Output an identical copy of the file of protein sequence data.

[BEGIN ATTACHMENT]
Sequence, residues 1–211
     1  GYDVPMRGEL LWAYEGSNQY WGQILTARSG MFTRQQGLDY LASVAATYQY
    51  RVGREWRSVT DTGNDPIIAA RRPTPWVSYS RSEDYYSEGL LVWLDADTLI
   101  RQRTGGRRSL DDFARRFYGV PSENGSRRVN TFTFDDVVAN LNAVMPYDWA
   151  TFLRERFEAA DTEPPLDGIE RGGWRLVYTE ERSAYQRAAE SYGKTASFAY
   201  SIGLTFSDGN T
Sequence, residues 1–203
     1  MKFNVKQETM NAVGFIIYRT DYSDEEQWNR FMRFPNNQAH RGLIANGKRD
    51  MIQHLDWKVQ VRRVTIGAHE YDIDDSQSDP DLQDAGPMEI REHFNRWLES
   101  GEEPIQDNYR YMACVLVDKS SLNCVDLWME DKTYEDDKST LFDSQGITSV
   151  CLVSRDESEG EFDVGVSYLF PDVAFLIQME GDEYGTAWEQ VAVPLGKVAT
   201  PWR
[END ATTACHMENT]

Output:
Sequence, residues 1–211
     1  GYDVPMRGEL LWAYEGSNQY WGQILTARSG MFTRQQGLDY LASVAATYQY
    51  RVGREWRSVT DTGNDPIIAA RRPTPWVSYS RSEDYYSEGL LVWLDADTLI
   101  RQRTGGRRSL DDFARRFYGV PSENGSRRVN TFTFDDVVAN LNAVMPYDWA
   151  TFLRERFEAA DTEPPLDGIE RGGWRLVYTE ERSAYQRAAE SYGKTASFAY
   201  SIGLTFSDGN T
Sequence, residues 1–203
     1  MKFNVKQETM NAVGFIIYRT DYSDEEQWNR FMRFPNNQAH RGLIANGKRD
    51  MIQHLDWKVQ VRRVTIGAHE YDIDDSQSDP DLQDAGPMEI REHFNRWLES
   101  GEEPIQDNYR YMACVLVDKS SLNCVDLWME DKTYEDDKST LFDSQGITSV
   151  CLVSRDESEG EFDVGVSYLF PDVAFLIQME GDEYGTAWEQ VAVPLGKVAT
   201  PWR